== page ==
Hefty DWI-DUI Penalties Help New Jersey and Other States Punish Drunk Driving Offenders

These days, the monetary penalties for a DWI or drug-related impaired driving offense can be quite stiff no matter what state one lives in. But here in New Jersey even a first drunken driving carries with it such a significant financial impact for most people that they don’t soon forget that initial DWI arrest. As Garden State drunk driving defense lawyers, my colleagues and I have many decades of collective courtroom experience when it comes to defending New Jersey motorists accused of DWI-DUI, as well as drivers from other states.

As we’ve mentioned in the past, a first-time DWI offender can face upward of a $400 fine in New Jersey, depending on the results of his or her blood-alcohol content (BAC) measurement at police headquarters. We say this with the caveat that under certain circumstances a skilled attorney can sometimes get the court to suppress the breath test results, which may then help to mitigate these first-offender penalties.

It is important to note that if one were to up the ante by having a BAC measurement of 0.15 percent, the court will have no other choice than to include the requirement of an ignition interlock device following the license suspension period for those convicted of driving under the influence. These interlock devices also come with their own costs, which make their mandatory use in such cases expensive as well as inconvenient and, at times, embarrassing. To say the least, New Jersey has some of the more harsh DWI and DUI penalties, but drivers in all nearby states should consider carefully the potential downside of a DWI arrest.

Across the border in Pennsylvania, which has a three-tiered penalty system for drivers charged with driving while intoxicated, the penalties for similar DWI offenses seem somewhat more lenient for a first-time offender than here in Jersey. In fact, a driver arrested in that state, and whose BAC is found to be upward of 0.099 percent, can expect only a $300 fine and six months’ probation. This compares relatively favorably to the penalties over here, which can include possible jail time of up to 30 days (though this can often be avoided with the help of a qualified DWI attorney).

Over in Delaware a first-time offender may be looking at a $500 fine for the same level of intoxication, while in Virginia and Maryland a first-timer may be facing a wide range of monetary fines into the thousands of dollars — $2,500 and $1,000, respectively. Delaware’s non-monetary penalties for first-time offenders include up to six months in jail, as well as a mandatory alcohol evaluation and treatment program. (This is in addition to a one-year revocation of the defendant’s driver’s license.)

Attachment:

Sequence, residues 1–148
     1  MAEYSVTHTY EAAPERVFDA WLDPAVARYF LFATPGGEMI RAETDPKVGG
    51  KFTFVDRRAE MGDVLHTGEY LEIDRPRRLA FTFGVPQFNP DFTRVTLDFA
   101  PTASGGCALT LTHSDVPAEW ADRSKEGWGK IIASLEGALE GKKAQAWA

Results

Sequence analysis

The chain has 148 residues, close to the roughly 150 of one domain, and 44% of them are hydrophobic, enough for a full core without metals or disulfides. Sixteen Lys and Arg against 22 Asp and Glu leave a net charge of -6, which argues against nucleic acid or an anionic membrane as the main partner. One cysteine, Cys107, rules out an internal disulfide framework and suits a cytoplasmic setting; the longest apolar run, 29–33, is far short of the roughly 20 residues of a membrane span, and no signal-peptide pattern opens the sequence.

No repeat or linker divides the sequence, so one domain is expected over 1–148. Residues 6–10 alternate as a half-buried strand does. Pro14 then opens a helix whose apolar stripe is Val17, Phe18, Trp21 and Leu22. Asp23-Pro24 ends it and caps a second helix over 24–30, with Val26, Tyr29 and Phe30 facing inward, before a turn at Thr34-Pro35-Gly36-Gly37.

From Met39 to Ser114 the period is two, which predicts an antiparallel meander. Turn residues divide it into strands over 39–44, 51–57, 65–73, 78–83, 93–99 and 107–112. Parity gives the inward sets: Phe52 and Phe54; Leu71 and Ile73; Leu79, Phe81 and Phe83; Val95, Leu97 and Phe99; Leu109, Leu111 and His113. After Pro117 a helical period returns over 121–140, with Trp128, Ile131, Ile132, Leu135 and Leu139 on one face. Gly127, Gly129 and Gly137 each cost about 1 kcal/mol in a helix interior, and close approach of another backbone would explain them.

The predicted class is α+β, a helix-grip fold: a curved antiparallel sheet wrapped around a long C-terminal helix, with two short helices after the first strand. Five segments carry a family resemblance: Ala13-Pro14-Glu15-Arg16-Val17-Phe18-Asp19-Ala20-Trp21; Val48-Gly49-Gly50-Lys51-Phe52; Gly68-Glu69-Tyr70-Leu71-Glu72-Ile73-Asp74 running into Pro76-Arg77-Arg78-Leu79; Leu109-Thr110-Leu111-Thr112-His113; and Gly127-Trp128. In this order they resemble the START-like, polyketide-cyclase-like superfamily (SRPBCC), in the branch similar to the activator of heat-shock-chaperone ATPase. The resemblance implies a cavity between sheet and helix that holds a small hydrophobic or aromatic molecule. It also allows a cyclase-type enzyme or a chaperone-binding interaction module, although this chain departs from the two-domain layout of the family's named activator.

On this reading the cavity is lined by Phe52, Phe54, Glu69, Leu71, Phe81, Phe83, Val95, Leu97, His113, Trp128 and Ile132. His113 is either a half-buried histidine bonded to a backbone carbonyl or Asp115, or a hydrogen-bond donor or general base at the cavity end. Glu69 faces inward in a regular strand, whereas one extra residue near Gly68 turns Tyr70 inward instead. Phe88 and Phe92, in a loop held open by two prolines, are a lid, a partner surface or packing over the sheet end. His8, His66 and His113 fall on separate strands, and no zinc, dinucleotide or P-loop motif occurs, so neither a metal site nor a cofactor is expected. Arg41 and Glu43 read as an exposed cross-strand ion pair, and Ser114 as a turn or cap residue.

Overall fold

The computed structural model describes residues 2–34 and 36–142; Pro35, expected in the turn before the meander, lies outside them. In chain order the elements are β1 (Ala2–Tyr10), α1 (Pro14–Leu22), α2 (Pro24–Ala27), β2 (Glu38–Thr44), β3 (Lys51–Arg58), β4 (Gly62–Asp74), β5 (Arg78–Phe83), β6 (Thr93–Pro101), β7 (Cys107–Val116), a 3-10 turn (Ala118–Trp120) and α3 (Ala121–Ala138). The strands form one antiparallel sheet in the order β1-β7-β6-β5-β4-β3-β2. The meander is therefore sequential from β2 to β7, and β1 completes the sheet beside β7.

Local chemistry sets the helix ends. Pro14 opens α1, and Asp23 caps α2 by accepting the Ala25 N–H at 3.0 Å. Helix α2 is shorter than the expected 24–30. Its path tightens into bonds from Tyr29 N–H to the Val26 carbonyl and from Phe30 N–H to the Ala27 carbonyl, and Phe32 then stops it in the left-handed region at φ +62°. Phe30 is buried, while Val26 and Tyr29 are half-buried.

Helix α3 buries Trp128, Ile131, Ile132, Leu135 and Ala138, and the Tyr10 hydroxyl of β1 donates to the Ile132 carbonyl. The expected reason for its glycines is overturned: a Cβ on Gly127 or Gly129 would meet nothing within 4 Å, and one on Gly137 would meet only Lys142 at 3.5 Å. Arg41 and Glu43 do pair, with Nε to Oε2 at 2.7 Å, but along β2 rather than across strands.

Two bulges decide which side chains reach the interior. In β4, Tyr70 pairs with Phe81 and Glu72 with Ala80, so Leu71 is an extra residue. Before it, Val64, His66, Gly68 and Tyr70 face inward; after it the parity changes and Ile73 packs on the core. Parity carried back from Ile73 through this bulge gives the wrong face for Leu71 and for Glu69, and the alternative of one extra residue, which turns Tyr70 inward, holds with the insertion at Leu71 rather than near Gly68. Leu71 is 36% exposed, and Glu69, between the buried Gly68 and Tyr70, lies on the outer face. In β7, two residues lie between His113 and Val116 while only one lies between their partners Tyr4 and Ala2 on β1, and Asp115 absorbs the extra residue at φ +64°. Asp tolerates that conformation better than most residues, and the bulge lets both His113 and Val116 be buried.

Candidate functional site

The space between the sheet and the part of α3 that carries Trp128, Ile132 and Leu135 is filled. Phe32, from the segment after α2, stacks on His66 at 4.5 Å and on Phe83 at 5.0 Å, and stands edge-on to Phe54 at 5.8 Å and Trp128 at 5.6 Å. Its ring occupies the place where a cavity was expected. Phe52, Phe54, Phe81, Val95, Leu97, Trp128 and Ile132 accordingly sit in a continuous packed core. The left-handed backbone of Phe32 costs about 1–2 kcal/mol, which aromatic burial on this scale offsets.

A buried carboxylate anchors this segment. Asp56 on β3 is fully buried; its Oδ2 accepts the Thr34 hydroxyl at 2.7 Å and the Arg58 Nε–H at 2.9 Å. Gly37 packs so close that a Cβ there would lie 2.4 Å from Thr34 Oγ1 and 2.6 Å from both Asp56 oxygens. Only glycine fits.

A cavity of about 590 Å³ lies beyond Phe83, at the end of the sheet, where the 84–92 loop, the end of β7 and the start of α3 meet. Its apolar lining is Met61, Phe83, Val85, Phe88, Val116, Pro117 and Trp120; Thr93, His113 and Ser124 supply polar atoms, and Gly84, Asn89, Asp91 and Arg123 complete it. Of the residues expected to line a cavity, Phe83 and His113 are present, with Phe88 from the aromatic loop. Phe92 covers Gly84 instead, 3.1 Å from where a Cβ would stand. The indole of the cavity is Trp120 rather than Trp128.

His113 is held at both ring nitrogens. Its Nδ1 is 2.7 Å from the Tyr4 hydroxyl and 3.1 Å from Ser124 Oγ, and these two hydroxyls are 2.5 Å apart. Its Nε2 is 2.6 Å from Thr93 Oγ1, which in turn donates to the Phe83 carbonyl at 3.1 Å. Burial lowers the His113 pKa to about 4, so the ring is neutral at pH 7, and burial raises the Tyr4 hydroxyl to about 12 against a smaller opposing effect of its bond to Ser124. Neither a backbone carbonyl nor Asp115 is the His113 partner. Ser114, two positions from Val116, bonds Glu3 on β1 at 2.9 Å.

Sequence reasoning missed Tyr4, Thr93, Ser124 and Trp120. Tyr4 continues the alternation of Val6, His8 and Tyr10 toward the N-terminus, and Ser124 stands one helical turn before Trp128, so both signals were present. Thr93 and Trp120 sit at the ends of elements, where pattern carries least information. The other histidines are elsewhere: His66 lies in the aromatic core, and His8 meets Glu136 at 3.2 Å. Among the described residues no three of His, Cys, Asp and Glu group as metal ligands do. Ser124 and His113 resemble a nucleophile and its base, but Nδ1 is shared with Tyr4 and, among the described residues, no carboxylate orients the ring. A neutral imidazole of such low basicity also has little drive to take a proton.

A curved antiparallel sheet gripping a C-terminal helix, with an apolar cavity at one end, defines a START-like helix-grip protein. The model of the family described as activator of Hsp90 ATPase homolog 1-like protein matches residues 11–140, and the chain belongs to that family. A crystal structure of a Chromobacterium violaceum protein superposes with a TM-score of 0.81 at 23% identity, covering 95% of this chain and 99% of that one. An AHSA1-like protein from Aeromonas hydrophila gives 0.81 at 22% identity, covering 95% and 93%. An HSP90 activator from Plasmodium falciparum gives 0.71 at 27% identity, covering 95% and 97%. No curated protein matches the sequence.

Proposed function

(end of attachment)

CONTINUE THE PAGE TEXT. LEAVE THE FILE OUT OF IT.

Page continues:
Down in Maryland, these first-time offenders can face one year in jail, plus an automatic 45-day suspension of their driving privileges. Farther south in Virginia, convicted first-timers face a five-day jail sentence ,as well as a 12-month license suspension and mandatory attendance in an alcohol safety training program.

Adding to prior DWI offenders’ woes is the sharing of motorists’ driving records between states. While this may not seem too troublesome for some individuals, those who have been convicted of DWI in one state, can end up being treated as a prior offender in the court of another state even though their arrest may have been be their first within the borders of that state.

Regardless of the situation, it is often the better part of valor to consult with an experienced DWI or drug DUI defense attorney before making one’s appearance before a judge. Since fines are only part of the equation — for example, increased insurance premiums often follow a drunken driving conviction – there is no reason not to speak with a skilled lawyer trained in New Jersey DWI and drug DUI law.

At my firm, we are often contacted by out-of-state motorists who have received summonses for impaired driving here in the Garden State. Our legal team can often appear in municipal court on behalf of an out-of-state driver to negotiate a plea. Considering the complications that an outstanding warrant for drunken driving or other traffic violations can have on an out-of-state motorist’s ability to renew his driver’s license in his home state, hiring a qualified New Jersey drunk driving defense lawyer can be very advantageous.

Some states are tougher than Pa. on drunken drivers, PottsMerc.com, September 3, 2013